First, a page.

This is one of the reasons there are so many holes in this branch of our family. We haven’t made the genealogy pilgrimage to Mississippi, we’re not sure what we’ll find when we get there, and there’s next to nothing available remotely. Facing this, we decide to attempt our first MS Vital Record purchase online…which requires “VitalCheck”.

About 2 weeks later, after having to remember just about every address we’ve had in the past 20 years to get past VitalCheck and deciding that selecting “Grandchild” for our relationship when we really meant “maybe 2nd Great Grandchild” was the same thing, we received Sam’s Death Certificate in the mail.

We were hoping that Annie was still alive at the time of his death, and that the certificate was filed out with her maiden name listed (maybe?). The bad news is, none of that was true…but the good news is that it gave us a next step.

We know that Sam and Annie were married in the 1940 U.S. Census but by the time of Sam’s death on 4 Jul 1974, he was married to Emma (Fox) Caswell. Of course, we’re not even 100% sure this Sam is the same Sam from Sam and Annie in 1940, and now we have a different spouse listed on the birth certificate. But, it’s possible that Annie died after 1940 and Sam remarried. The problem was how do we find Annie and tie her to Sam, let alone find her maiden name.

The hint we needed came from Sam’s Death Certificate, and his burial location. He was buried in an African American cemetery in Quitman County, which like most Southern Black cemeteries, is poorly documented. Looking in Find-A-Grave, we saw that only 1% of the headstones here were photographed, and there was no record of Sam’sOakGroveCemetery headstone/burial. However, looking at the other Caswell’s in Oak Grove Union Cemetery, we found a major lead: Annie Caswell, b. 15 Sep 1882, d. 11 Jul 1969. We’re well into speculative territory here, but this Annie first the proper birth range and she died before Sam.

Needless to say, the next step was to order our 2nd Mississippi Vital Record from the Mississippi Department of Health. But it highlights something we’ve known for quite some time about Genetic Genealogy, but it’s easy to forget: There is no question DNA testing/results are valuable, but in the end it’s still just genealogy and the same techniques that have been used by family researchers for 100+ years that are going to break through your brick walls.

We’ve shown how we can use things like DNA testing and GEDmatch to give us leads researchers would have NEVER had 20 years ago…but in the end, only the basic work of gathering and confirming Birth/Marriage/Death records will turn the leads into family members.

We received Annie Caswell’s death certificate, and it was the goldmine we were hoping for! She was married to Sam Caswell at the time of her death, and her mother’s maiden name was listed. We had gotten back a generation, both parent’s names, birth date and location…everything you could hope for! Unfortunately, her mother’s maiden name wasn’t Jones…it was Henrietta Bradford. That means Mary’s 3x Great Grandmother wasn’t a Jones, by name. It would have been much easier…but it’s possible that the 4x Great Grandparent we expect will be the link to the Jones family was Henrietta’s mother.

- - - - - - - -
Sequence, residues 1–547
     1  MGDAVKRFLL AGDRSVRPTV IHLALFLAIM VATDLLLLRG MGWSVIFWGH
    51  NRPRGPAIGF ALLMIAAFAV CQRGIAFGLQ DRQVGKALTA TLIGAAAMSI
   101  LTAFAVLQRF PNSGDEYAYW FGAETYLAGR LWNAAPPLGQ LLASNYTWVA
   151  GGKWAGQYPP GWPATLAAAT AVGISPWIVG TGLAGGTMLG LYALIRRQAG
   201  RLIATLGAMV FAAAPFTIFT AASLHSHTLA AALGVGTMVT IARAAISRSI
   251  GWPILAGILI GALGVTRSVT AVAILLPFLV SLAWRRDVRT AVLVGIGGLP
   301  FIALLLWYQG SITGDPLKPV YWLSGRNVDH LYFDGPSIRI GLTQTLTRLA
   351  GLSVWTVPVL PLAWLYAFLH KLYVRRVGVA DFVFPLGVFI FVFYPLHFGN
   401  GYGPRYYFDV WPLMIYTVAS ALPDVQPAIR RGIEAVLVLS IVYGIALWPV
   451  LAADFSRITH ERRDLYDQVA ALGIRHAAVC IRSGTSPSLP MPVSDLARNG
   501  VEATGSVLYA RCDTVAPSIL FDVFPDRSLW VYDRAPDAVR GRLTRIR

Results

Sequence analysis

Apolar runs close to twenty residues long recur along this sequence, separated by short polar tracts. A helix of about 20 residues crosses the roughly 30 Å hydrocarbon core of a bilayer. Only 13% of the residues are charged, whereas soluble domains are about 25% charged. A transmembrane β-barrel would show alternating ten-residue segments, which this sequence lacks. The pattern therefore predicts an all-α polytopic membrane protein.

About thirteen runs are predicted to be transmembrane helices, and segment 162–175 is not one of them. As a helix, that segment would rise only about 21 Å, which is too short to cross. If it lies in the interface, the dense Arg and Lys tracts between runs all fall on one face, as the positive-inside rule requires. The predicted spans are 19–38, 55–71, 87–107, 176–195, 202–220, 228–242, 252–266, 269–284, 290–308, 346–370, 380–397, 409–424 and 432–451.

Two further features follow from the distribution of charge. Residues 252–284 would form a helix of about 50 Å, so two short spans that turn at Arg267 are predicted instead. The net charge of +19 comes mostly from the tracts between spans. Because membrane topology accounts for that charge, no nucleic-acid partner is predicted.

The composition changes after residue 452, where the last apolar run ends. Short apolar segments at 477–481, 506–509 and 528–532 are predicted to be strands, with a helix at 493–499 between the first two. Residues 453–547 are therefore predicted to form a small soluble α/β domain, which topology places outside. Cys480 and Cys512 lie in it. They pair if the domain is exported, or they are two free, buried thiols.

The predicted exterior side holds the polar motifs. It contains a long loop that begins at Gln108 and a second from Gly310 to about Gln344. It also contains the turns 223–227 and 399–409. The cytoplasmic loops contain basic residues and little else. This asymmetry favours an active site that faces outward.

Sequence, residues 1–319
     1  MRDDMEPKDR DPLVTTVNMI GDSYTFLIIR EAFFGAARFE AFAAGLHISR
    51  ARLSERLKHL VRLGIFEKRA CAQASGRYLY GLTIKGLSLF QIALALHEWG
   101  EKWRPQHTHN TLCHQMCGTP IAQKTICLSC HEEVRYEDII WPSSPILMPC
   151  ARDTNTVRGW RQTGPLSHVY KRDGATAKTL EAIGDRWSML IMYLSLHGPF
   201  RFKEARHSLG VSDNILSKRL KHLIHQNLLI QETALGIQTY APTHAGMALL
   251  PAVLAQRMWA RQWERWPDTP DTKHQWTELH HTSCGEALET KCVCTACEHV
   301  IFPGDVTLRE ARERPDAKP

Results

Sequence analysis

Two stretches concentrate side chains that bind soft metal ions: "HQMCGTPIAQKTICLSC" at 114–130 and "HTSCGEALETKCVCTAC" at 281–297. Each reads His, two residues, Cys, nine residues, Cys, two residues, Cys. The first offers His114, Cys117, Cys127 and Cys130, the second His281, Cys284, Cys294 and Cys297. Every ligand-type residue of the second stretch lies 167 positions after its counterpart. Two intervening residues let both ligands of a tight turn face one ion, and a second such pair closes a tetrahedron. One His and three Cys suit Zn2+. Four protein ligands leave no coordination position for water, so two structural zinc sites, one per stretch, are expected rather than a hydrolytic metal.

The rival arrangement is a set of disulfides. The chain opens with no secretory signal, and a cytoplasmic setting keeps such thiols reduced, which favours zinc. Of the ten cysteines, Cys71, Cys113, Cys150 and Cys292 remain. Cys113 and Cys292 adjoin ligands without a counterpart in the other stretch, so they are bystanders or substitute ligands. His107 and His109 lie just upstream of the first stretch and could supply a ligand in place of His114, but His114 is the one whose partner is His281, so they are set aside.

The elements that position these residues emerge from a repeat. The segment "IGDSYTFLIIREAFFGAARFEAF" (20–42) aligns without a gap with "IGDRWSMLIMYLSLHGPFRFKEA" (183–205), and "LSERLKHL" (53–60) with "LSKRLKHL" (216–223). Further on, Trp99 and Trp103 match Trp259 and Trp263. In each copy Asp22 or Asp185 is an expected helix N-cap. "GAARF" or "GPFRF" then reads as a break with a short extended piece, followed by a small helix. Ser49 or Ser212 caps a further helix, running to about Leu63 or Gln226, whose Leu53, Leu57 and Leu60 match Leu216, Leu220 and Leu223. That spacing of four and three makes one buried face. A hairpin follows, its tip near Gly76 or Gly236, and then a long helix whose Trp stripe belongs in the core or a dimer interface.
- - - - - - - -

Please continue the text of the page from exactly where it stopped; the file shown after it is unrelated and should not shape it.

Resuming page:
AnniesParentsNameWe’ll conclude this series next time, as we shrub out Henrietta’s tree…and reach the end of this journey!

Breaking down a brick wall in real-time: Episode 4 – Looks like we’re back at the brick wall…

Breaking down a brick wall in real-time: Episode 4 – Looks like we’re back at the brick wall…

(Note: This is continuation of a series, and we suggest you start at the beginning – Breaking down a brick wall in real-time: Episode 1 – The setup, and the discovery)

Well, it looks like we’ve reached the end of this experiment of live-blogging a search to break down a brick wall. It was kind of exciting starting this series not knowing if we’d be successful, even though it felt like we might be able to link this DNA match.

We’ve gone through every quick trick we know to try and find Excell before 1910, and so far, we’re striking out. We’ve searched for Excell (and XL and Ex and X) in both the 1900 and 1880 U.S. Census. We’ve used Stanford/Standford/Sanford/Stanfor and we’ve looked in the counties we expected him in, surrounding counties, and the entire state. We’ve even looked for him as “White”. Theres nothing so far, although there are a surprising number of people with the first name “Excell” in Mississippi in 1900! We’ve also tried to push through to 1880 using his uncle James, but to no avail. We now know James’s wife’s maiden name, but we can’t find either of them in the 1880 U.S. Census.

So, after a day of searching, we have another set of data points which will someday help us break down this wall, but we didn’t get through it today. When we’re on the ground in Mississippi doing physical research, we’re confident we can put this puzzle together…just not today. Not yet.

But hopefully sharing this day of searching illustrates how we go after these leads, and we’ll follow this up with a more detailed explanation of our approach on these DNA matches, and of course we’ll follow up when there’s a break through!!

Last screen shot 2
Correcting the tree from Episode 3…THIS properly reflects James as Excell’s Uncle. Thanks for one of our readers pointing it out!!